MY first thoughts on the idea of Roy Keane becoming Celtic manager are that he is a very lucky man indeed if they are offering him the job.
I used to love watching him play - he was one of the best footballers in the world in his prime, a guy who just had absolutely everything - but his managerial career to date hasn't been great.
He set such standards on the pitch that maybe his expectations are hard for his players to live up to, a bit like it was with Paolo di Canio at Sunderland. If Roy has any intention of getting back into club management, then the Celtic post is an unbelievable one for him.
I can't believe he has anything to deliberate over. He should bite their hand off if they want him. While his record at Sunderland - he won them the Championship, then kept them up before abruptly leaving the following season - looks OK on paper, by all accounts things weren't great within the club. His record at Ipswich, where he was sacked after they dropped to near the bottom of the Championship, speaks for itself.
If he is looking for a route back, the chance to come to a club of the size of Celtic should be a no-brainer. But then, whether as a player, or in his managerial style, Roy has done things in his own way for a while.
To me, Roy hasn't proved beyond doubt his abilities as a manager. Sure, he has all the other attributes for the Parkhead job - profile, a Celtic man who has played for the club - but you can't say there aren't still question marks there.
Roy is definitely in the Neil Lennon mould, I don't think we should forget that, but if he is to be a success he is going to have to learn on the job the way Neil did.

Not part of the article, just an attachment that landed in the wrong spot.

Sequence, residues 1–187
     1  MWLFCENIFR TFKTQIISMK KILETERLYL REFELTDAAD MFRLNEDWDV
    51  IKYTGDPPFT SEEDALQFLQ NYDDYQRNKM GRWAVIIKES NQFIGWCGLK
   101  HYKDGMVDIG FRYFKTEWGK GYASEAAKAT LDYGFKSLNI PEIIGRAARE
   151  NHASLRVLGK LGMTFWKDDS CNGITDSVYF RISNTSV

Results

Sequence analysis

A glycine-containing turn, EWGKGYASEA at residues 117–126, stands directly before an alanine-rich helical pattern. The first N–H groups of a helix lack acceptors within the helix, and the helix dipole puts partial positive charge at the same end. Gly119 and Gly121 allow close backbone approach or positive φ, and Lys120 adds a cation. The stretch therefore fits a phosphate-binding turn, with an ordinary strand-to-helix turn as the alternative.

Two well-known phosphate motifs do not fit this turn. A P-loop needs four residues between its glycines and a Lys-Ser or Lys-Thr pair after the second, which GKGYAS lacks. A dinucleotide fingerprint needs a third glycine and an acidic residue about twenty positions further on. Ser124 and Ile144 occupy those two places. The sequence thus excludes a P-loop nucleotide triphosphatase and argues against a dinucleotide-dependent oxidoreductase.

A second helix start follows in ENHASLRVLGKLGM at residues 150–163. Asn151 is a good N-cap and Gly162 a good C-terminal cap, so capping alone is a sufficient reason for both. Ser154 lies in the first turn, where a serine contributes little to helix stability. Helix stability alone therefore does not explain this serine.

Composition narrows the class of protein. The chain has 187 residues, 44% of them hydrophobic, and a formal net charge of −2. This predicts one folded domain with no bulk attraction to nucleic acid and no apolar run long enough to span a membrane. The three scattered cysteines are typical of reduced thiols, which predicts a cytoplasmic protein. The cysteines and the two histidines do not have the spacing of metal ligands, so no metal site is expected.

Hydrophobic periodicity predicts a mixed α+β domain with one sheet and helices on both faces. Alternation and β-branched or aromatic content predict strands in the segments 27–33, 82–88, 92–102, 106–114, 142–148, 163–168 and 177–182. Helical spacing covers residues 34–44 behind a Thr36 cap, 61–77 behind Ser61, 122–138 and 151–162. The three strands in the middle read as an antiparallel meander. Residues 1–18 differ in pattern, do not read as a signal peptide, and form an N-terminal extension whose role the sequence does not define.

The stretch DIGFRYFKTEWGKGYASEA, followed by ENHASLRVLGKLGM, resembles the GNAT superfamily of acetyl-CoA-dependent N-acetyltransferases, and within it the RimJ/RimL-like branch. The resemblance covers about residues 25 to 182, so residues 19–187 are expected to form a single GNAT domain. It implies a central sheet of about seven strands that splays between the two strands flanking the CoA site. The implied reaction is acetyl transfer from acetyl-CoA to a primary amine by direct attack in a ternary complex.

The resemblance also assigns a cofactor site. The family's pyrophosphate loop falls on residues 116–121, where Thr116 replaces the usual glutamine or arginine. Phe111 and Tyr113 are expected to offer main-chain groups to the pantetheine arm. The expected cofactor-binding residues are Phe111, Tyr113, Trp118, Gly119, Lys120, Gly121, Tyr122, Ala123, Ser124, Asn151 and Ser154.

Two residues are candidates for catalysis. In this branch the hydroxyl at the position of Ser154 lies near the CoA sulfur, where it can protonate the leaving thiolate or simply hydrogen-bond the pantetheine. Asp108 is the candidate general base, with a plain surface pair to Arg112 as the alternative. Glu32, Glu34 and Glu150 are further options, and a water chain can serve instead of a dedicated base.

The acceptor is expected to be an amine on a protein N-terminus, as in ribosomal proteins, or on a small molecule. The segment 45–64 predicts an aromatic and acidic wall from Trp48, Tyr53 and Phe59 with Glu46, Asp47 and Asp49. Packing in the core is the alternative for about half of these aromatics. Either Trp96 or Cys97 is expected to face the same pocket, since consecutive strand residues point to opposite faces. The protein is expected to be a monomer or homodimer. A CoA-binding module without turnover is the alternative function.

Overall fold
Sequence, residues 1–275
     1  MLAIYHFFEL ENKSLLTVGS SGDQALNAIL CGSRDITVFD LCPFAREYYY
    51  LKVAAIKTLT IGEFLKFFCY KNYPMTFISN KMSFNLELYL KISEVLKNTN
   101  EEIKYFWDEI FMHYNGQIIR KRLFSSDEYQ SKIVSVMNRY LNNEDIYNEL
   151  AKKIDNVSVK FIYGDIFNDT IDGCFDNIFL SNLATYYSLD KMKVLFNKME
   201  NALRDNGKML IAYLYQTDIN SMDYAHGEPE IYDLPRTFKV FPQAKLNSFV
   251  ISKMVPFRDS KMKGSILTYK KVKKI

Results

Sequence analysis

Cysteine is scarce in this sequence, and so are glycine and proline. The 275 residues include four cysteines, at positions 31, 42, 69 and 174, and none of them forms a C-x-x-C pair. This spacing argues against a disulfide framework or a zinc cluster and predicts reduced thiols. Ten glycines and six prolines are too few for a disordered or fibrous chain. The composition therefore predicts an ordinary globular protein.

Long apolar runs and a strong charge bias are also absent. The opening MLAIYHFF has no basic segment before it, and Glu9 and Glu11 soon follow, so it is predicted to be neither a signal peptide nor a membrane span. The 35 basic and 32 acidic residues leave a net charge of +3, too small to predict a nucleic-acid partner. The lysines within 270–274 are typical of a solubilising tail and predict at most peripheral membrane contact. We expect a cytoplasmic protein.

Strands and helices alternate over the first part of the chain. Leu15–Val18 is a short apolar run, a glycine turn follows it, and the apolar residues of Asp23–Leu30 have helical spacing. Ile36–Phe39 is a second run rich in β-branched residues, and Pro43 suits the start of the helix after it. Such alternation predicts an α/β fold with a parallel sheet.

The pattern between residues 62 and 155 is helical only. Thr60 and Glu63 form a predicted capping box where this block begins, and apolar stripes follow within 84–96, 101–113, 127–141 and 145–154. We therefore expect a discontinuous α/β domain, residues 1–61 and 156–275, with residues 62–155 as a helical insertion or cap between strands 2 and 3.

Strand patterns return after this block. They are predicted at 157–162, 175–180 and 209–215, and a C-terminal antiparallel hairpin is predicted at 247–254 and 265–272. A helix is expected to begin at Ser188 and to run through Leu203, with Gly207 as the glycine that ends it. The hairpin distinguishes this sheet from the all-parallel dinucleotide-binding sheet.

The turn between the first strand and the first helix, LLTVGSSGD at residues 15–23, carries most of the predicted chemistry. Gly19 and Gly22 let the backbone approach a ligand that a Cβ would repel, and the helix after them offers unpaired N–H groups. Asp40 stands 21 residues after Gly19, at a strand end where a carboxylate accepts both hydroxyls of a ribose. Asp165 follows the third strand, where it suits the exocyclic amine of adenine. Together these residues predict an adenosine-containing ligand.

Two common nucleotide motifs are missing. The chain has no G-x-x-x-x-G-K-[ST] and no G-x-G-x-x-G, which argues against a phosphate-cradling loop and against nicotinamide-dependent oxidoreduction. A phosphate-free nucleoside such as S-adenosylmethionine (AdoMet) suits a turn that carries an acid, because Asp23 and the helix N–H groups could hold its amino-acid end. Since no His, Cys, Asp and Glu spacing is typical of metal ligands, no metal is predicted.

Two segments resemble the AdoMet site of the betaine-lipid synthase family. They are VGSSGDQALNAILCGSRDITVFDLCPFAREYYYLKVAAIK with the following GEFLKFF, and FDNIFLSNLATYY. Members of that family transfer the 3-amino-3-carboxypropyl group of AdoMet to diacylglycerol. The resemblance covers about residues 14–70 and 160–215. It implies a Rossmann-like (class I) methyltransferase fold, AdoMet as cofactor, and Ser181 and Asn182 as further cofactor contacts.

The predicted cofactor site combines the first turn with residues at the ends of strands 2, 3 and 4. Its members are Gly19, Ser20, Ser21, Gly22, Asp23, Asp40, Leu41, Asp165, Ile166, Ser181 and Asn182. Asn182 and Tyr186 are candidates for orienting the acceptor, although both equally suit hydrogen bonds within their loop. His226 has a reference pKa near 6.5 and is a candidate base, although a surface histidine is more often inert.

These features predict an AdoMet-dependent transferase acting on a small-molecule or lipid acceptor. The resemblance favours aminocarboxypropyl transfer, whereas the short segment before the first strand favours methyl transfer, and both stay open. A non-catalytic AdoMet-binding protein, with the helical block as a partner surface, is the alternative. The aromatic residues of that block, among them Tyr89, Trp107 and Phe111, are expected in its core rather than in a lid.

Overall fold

At first, Neil was always intense with his players, but you can't do the same things all the time if they don't respond. Who knows, maybe Roy has already learned that after the problems at Sunderland and Ipswich.
But the bottom line is this: how hard is it to win the league with Celtic? There is undoubtedly success there to be had. Everything is there for Roy at Parkhead. What an opportunity it is to enhance his reputation, get people realising that he IS a good manager. It is an opportunity to send his managerial stock soaring again because I don't care what anyone says, it is pretty low right now.
Peter Lawwell is a likeable man and an efficient chief executive, so the only problem might be if Roy becomes overly demanding, or the way he puts things across.
He has never been the best at maintaining relationships - if you cross him, he just tends to leave - and it might be difficult if the chief executive had to go to him and say maybe this or that should happen.
But this Celtic team only lost three domestic matches last season, one in the league, one in the League Cup, one in the Scottish Cup, so I don't think he will need to rule by fear. There will still be challenges - things are never straightforward, there are always obstacles to confront - but you can't tell me Celtic won't be a winning side next season, and that might make it easier for Roy to relax a little bit.
That is why it is the perfect club at the perfect time for him. He shouldn't have to show his difficult side too much. I have never met Roy in person, but I suspect that five-month swansong he had at Celtic must have been a bit of a disappointment given the standards he sets.
Sir Alex Ferguson was critical of Roy in his autobiography - he accused him of bullying team-mates at Manchester United, and said as a manager he "needs money" - and when somebody like that comes out and says that you have to take notice.
Roy fired right back, but the challenge for him at Celtic would be learning when to take a step back, not going in with the iron fist all the time, better maybe to show his softer side from time to time in the day-to-day handling of his players.
I think the job could be perfect for Roy and believe he would make a success of it. But then again I think pretty much anybody would. You would have to mishandle it so badly for it to go wrong.
ONE thing appointing Roy Keane would do is increase the wider media profile of both Celtic and the SPFL Premiership and obviously that would be no bad thing.
For any top league to lose three of their biggest clubs - in this case Hibernian, Rangers and Hearts - can't be great. It will be a three-team shoot-out for the Championship title, but these are three teams with problems.
Hearts are in a transitional period and have a rookie manager in Robbie Neilson. Hibs are in utter turmoil, and with Rangers it is story after story.
One, or maybe two, of the three will be left disappointed. It will be some season.